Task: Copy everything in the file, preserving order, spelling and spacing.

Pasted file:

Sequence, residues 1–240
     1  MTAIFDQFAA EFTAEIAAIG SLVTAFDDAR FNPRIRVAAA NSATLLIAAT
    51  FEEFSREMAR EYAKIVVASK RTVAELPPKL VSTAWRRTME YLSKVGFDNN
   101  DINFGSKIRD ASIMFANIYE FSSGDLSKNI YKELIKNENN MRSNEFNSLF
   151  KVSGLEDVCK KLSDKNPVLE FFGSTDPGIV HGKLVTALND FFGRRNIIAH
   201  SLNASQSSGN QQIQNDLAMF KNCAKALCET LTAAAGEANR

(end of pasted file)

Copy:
Sequence, residues 1–240
     1  MTAIFDQFAA EFTAEIAAIG SLVTAFDDAR FNPRIRVAAA NSATLLIAAT
    51  FEEFSREMAR EYAKIVVASK RTVAELPPKL VSTAWRRTME YLSKVGFDNN
   101  DINFGSKIRD ASIMFANIYE FSSGDLSKNI YKELIKNENN MRSNEFNSLF
   151  KVSGLEDVCK KLSDKNPVLE FFGSTDPGIV HGKLVTALND FFGRRNIIAH
   201  SLNASQSSGN QQIQNDLAMF KNCAKALCET LTAAAGEANR